July 17, 2003

BioHazards and Birding

Officer, I think I may have poisoned somebody. But I'm innocent of intent. Really.

Last week, with company milling about the yard, it wouldn't do to leave that hornets nest under the lip of the front porch. Somehow, it had become reinhabited after a thorough soaking a few weeks earlier (and thanks to Scott Chaffin for his logical observation that the hive still contains growing and maturing baby hornets and the smart thing to do would be to remove the hive immediately after spraying it). I didn't do the smart thing, never got around to scraping the melon-sized hive out from under the porch after emptying a can of Raid into it.

Yesterday evening I walked out the front door and noticed pieces of the hive strewn about the yard. "I see you got brave and scraped that hive away" I told Ann.

"I didn't do it. I thought you had. It was there this morning when I left for work".

Apparently what were pests to us was dinner to somebody else. I hate it that those delicious little hornet larvae were marinated in toxic broth. And some coon (I guess?) is off in our woods in GI distress thinking he needs to pay more attention to his GERDS and lay off the pupae from now on.

Also in Nature Notes:

Tell me if I'm wrong: not one in fifty of you have even heard of an "ovenbird" much less seen one. Suffice it to say they are nice to have around (and especially to hear in the early morning coolness) but they tend to be very secretive, and seeing one is a rarity. And so the other day, having one perch on a branch within six feet of me was amazing. And I was beaming with pride since I had "pssssshed" him in (that's a birder's buzzy call that sometimes stirs up the birds, makes them curious so they pop up to be identified. It doesn't always work, but I have had warblers come so close I thought they were going to perch on my sunglasses!).

What was odd about this was that 1) this ovenbird was not at all shy; 2) it was flitting about 5-10 feet off the ground while ovenbirds spend most of their time on the ground; and 3) this one was bobbing his tail in an uncharacteristic way I had never seen before.

And I stand corrected, while not being too hard on myself. Turns out it is another bird (in the same genus) called the waterthrush... identified in part by it's characteristic tail-bobbing. I later saw my new friend feeding two young over behind the woodpile. I'll have to see if I can follow them to a nest, which will be immensely easier to find than the ovenbird's camouflaged 'igloo' hidden on the ground. My guess is, if there were ovenbirds that close to the house, the darn cat would have already discovered them, and had them over for dinner.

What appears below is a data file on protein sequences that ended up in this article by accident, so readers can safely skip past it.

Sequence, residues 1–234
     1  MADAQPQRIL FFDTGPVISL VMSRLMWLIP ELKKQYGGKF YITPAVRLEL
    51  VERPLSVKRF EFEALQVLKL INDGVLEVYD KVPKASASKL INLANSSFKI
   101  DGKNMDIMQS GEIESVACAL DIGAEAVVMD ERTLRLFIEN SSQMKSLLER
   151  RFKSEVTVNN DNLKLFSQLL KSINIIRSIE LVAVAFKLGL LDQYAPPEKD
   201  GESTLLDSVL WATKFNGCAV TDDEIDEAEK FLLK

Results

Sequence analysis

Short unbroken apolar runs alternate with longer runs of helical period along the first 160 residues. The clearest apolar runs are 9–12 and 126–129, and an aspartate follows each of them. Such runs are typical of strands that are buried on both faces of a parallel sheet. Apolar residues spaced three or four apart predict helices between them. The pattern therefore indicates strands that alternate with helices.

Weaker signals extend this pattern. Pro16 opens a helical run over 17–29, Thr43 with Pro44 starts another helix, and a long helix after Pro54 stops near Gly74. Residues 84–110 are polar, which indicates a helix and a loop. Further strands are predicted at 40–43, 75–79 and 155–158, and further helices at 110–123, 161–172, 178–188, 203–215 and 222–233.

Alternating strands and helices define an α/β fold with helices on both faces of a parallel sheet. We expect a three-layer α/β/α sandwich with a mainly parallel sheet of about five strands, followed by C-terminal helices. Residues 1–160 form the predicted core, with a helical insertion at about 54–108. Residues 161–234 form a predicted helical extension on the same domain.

Posted by fred1st at July 17, 2003 05:51 AM | TrackBack
Comments

I love posts like this! I pulled out my copy of Sibley's Guide just so I would know what an Ovenbird looks like.

I can see how you missed your first guess. But for behavior and habitat, the two would almost seem to be twins!

Posted by: ronbailey at July 17, 2003 06:59 AM

I've heard of ovenbirds, but never seen one. Same goes for the waterthrush.

Posted by: bogie at July 17, 2003 07:27 AM

At first I thought that maybe your ovenbird had been dining on your hornet remnants; but, I like the waterthrush ending better. The last ovenbird that I saw was skulking down the creekbank behind our previous abode. Saw a Louisiana waterthrush just a few weeks ago down at a nature center near Arkansas City KS. Either is a good "find" for someone like me. Good birding, Fred!

Posted by: Cop Car at July 17, 2003 07:45 AM

I heard, but didn't see, an ovenbird while I was getting gas in New Hampshire in June on my way to see Beth of Cassandra Pages. It (the bird, not the gas) said "teacher teacher teacher teacher TEACHER." They are indeed skulkers but if you see one it really doesn't mind you being close. I would have stayed to look for it more but I was already late.

We don't have these birds out west except as accidentals and it's been an AGE since I've seen either a northern or a Louisiana waterthrush... nice going!

Posted by: Pica at July 17, 2003 12:22 PM

I've never been lucky enough to see an ovenbird, but I know of them this way: http://www.bartleby.com/119/9.html

Posted by: Cindy at July 17, 2003 06:36 PM

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